Sir Ian McKellen says he ‘likes a surprise’ as he laments theaters overlooking audiences with warning signs | Ents & Arts News


Sir Ian McKellen has said he is not a fan of how modern theater audiences are spoiled with sensitivity-sensitive warning signs.

The 84-year-old X-Men and Lord of the Rings star told Sky News ahead of the first night of the London transfer of his new play Frank and Percy: “Outside the cinemas the audience is being warned that there is a loud noise’, ‘there are flashing lights’, ‘there is a reference to smoking’, ‘there is a reference to death’…

“I like to be surprised by loud noises and outrageous behavior on stage.”

Should his co-star Roger Allam be worried?

The actor – best known for his roles in Endeavor and The Thick Of It – probably knows what he’s getting into as this isn’t the first time he’s worked with Sir Ian on stage.

In 2004 they shared a dressing room while performing in panto at the Old Vic’s production of Aladdin.

Sir Ian McKellen on the set of Frank and Percy.  Image: Jack Merriman
Image:
Sir Ian McKellen on the set of Frank and Percy. Image: Jack Merriman

Sir Ian McKellen and Roger Allam on the set of Frank and Percy.  Image: Jack Merriman
Image:
Sir Ian McKellen and Roger Allam on the set of Frank and Percy. Image: Jack Merriman

Almost 20 years later and this two-hander is quite different, described by Allam as “an old guy gay romcom” about two men who meet walking their dogs.

Explores grief, death and aging.

“When I read it, I just saw it as a comedy,” explains Sir Ian.

“I didn’t really think about it being a gay play, but of course it is.”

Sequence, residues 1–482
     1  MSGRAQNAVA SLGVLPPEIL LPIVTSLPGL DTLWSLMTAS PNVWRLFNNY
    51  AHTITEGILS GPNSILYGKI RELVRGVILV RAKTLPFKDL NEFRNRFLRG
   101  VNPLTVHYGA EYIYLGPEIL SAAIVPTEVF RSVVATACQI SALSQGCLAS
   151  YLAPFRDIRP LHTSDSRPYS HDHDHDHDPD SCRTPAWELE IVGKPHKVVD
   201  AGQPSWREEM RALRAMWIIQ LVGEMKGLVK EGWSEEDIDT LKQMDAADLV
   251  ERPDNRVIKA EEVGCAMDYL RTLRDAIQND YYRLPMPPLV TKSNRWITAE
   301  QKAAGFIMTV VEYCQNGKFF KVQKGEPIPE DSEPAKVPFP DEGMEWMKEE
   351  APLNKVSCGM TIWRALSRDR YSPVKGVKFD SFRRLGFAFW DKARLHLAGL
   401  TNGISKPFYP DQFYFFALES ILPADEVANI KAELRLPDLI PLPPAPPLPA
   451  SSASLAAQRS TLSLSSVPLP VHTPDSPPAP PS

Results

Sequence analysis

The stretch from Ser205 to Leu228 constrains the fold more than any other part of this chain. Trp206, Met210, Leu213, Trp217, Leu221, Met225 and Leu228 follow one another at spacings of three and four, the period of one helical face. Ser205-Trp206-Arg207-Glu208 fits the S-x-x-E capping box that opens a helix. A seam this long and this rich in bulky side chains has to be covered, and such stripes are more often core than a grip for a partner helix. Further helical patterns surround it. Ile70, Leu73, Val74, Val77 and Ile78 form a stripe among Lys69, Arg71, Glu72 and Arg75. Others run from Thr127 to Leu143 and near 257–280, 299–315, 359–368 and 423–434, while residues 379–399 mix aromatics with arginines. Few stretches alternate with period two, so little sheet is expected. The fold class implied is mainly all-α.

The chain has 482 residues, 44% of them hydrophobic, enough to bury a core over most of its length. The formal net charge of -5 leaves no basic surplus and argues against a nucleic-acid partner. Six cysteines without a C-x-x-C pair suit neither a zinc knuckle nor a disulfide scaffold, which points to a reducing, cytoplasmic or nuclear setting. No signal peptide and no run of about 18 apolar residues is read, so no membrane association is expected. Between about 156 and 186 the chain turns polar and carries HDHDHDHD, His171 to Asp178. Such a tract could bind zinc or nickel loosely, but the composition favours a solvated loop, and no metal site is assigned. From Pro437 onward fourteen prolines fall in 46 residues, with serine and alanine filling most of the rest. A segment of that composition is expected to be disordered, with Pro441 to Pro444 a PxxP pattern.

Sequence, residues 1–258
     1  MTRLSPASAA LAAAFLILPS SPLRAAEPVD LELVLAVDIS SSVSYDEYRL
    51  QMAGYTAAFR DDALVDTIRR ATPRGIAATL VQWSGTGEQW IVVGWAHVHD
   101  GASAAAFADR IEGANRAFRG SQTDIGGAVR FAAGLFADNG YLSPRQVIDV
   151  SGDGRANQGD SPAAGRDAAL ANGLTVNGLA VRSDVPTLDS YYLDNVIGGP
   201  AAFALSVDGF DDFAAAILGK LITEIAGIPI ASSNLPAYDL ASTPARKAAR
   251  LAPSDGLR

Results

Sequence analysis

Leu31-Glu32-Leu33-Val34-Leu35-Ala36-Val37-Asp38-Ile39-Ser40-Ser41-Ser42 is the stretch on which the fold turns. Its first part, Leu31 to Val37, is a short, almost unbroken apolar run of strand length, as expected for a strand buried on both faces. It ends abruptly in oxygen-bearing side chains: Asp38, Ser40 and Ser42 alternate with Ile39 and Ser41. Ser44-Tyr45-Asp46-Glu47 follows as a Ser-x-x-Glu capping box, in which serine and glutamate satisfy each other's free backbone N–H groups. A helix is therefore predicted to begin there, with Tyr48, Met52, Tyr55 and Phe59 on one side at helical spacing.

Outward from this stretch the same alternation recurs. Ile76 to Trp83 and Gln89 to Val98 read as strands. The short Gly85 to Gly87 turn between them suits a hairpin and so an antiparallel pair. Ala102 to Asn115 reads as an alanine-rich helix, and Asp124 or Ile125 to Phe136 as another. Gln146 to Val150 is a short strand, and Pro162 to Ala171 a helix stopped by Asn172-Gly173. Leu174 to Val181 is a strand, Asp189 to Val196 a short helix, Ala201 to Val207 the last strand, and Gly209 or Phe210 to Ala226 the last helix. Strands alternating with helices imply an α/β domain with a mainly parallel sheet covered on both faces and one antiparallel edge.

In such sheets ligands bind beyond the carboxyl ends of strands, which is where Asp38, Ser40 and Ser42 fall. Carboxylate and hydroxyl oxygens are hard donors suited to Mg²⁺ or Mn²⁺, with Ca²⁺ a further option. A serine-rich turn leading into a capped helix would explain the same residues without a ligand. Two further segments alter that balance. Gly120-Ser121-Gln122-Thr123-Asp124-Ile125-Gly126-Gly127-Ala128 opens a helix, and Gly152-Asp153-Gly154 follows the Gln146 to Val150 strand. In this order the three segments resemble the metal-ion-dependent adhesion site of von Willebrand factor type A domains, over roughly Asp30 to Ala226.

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Prominent LGBTQ campaigner Sir Ian believes the fact that audiences seem to “revel in” watching their romance unfold on stage suggests “that the world has actually become a better place over the last 10 years”.

Both actors feel that it is short-sighted that desire in the Middle Ages is a subject so rarely addressed by screenwriters in television, film or theatre.

As Sir Ian explains: “In this case, it’s grandparents having sex… and people are living longer and presumably having sex longer.

“[While] we all like to see young people and we remember what it was like… actually older people can be much more interesting than young people because they’ve been through a lot more.”

Certainly the case with Sir Ian, who has played arch villains, clever wizards and collected six Oliviers over the years.

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But what’s it like playing opposite him in “an old guy gay romcom”?

It seems there is a significant element of teasing…

Sir Ian gives a sharp jab to the ribs and says: “He’s fun to tease, is Roger.”

“Did you see that?” Allam pleads.

Frank and Percy is at The Other Palace, London until 17th December.


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